Reinvestment Risk

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DEFINITION

The risk that future coupons from a bond will not be reinvested at the prevailing interest rate when the bond was initially purchased. Reinvestment risk is more likely when interest rates are declining. Reinvestment risk affects the yield-to-maturity of a bond, which is calculated on the premise that all future coupon payments will be reinvested at the interest rate in effect when the bond was first purchased. Zero coupon bonds are the only fixed-income instruments to have no reinvestment risk, since they have no interim coupon payments.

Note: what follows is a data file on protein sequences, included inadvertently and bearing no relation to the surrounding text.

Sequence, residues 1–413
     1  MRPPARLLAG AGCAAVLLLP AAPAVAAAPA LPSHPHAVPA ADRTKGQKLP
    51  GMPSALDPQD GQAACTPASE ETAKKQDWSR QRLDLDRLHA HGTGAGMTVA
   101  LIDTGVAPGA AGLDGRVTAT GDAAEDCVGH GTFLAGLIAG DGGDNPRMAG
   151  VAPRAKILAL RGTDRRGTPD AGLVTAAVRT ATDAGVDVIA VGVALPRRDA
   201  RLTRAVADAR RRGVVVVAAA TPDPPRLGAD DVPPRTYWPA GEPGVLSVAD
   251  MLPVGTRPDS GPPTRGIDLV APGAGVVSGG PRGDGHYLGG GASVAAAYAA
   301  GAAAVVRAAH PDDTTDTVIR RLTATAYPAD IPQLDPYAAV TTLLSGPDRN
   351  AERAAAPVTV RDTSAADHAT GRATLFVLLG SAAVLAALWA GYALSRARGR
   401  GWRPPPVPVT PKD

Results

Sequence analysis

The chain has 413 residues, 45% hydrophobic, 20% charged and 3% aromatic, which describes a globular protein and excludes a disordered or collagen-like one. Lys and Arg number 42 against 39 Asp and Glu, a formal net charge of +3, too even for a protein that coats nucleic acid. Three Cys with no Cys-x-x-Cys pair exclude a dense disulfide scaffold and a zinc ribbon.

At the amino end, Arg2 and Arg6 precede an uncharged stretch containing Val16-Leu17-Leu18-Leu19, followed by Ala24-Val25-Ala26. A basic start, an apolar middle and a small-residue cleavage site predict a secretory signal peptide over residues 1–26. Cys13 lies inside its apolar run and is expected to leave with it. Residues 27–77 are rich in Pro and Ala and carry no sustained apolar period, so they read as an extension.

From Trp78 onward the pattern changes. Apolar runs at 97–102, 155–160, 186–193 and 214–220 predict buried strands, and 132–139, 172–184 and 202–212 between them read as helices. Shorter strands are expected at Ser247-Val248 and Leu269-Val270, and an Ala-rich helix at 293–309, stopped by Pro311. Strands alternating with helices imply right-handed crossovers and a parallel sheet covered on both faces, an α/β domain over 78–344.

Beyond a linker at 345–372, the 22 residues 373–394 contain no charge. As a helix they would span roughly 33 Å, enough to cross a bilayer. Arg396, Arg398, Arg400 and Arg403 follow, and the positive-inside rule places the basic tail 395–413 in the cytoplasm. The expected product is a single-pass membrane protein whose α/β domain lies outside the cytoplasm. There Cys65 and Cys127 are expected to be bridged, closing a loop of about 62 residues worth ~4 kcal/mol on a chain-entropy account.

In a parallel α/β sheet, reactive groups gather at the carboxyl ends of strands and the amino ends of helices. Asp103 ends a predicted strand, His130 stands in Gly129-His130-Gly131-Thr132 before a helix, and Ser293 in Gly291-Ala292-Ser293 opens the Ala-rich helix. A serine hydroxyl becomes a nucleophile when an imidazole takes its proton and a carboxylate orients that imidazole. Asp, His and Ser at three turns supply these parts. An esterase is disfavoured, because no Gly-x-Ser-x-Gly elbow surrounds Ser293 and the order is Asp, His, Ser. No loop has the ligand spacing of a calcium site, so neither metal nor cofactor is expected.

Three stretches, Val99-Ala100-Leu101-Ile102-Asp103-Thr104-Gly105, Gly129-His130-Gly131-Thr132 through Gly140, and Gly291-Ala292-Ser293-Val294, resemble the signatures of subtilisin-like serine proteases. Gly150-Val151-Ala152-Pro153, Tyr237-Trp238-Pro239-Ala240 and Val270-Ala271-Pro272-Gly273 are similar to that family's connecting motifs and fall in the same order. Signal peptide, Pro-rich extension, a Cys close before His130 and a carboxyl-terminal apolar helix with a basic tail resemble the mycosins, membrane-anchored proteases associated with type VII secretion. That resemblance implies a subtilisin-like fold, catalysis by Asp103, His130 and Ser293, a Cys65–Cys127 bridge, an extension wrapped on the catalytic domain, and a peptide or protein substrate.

INVESTOPEDIA EXPLAINS

Two factors that have a bearing on the degree of reinvestment risk are:


Maturity of the bond - The longer the maturity of the bond, the higher the likelihood that interest rates will be lower than they were at the time of the bond purchase.


Interest rate on the bond - The higher the interest rate, the bigger the coupon payments that have to be reinvested, and consequently the reinvestment risk.




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